When someone is diagnosed with cancer, it typically triggers empathy and our innate sense to be supportive. Unfortunately, our reactions are not impartial to all cancers, and that is especially true for lung cancer.
Although lung cancer is the most commonly diagnosed cancer in Canadians, and the leading cause of cancer deaths (27% of all cancer deaths), some lung cancer patients often feel more shame than they do support. The most common reason for this is that lung cancer is associated with smoking, which is perceived as a personal choice that can have a deadly consequence. Although the majority of lung cancers are linked to smoking, 15% of lung cancer patients are non-smokers.
“With lung cancer there is a very negative stigma attached to it,” says Kathy Forbes, a non-smoker and three-time cancer survivor, including lung cancer. “With a lung cancer diagnosis, there is almost a defensive embarrassment telling people because everyone just assumes you were a smoker. Even for those who did smoke, they are made to feel blame and guilt for what ‘they did to themselves’. The same level of social support is not available for lung cancer patients like it is for breast or prostate cancers, even though smoking can play a part in those cancers as well.”
It is a common complaint for lung cancer patients to say that the stigma they experience from family, friends, the public and even health care providers is one thing, but the other is that the system can also play a role in stigma. “For a cancer that doesn’t have a good outcome, there isn’t always a good support system for patients. Despite how common it is, there aren’t the support groups that you see for other cancers. You really feel on your own, and many patients feel the guilt and shame that is placed on them. Some of them feel that they don’t even deserve the help, and that’s not right,” says Forbes.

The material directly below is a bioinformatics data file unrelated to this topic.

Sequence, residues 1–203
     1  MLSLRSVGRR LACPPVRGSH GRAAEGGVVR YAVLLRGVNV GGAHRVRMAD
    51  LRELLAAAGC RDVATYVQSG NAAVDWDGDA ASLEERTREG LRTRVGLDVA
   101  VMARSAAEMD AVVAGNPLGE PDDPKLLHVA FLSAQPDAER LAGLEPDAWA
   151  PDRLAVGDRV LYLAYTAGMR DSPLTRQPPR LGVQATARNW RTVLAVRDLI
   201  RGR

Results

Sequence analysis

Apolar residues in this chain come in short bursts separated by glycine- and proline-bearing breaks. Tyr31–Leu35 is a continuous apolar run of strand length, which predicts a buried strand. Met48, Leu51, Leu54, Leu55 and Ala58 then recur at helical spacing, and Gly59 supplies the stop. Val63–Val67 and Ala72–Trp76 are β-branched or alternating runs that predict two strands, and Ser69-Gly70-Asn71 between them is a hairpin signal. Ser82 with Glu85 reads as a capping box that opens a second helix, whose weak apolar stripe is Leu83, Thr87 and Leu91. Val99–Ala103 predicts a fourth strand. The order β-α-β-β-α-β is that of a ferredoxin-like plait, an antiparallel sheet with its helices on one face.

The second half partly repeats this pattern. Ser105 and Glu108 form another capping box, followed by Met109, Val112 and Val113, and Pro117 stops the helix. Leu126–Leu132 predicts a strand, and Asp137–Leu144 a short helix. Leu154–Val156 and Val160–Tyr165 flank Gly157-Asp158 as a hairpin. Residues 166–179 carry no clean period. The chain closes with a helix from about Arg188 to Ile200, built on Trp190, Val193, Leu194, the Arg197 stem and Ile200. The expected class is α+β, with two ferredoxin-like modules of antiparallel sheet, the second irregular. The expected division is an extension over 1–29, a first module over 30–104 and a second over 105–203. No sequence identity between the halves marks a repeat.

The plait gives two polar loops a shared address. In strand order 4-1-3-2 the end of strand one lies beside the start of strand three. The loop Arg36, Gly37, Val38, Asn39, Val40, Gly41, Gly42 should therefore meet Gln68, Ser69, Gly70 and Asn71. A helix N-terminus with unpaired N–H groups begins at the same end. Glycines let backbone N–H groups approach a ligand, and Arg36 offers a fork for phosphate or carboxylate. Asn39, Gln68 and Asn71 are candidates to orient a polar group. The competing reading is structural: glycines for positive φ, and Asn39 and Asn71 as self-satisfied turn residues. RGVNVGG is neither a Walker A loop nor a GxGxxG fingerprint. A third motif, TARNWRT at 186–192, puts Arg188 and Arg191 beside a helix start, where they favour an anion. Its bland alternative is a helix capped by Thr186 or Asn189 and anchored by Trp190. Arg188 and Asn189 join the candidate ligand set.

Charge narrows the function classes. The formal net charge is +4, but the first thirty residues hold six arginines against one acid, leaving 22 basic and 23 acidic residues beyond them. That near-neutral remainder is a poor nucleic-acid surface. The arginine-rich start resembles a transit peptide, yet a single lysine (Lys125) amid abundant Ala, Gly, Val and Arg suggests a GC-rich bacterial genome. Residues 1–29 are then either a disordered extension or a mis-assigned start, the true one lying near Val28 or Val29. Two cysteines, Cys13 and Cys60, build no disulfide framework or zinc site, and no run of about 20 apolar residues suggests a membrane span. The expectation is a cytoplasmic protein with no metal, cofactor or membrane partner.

November is Lung Cancer Awareness Month. Raising awareness about this disease helps eliminate stigma and increase support. Although smoking significantly increases your risk of developing lung cancer, many other cancers are linked to smoking too. Furthermore, smoking itself is a very powerful addiction to nicotine – not simply a ‘bad habit’. Therefore, we cannot simply discriminate against lung cancer because of its association to smoking. It is also important to know that other risks for developing lung cancer include second-hand smoke, radon, asbestos, air pollution, occupational exposure to certain chemicals, personal or family history of lung disease and exposure to radiation.
When it comes to lung cancer, the real shame is that we don’t always equally support the 26,000 Canadians who will be diagnosed with this scary and life-threatening disease. Let’s take Forbes’ advice, “Try to be more sensitive, understanding and don’t’ pass judgment. Treat lung cancer like you would any other disease and be compassionate and supportive.”
For more information on lung cancer and stigma, visit: www.lungcancercanada.ca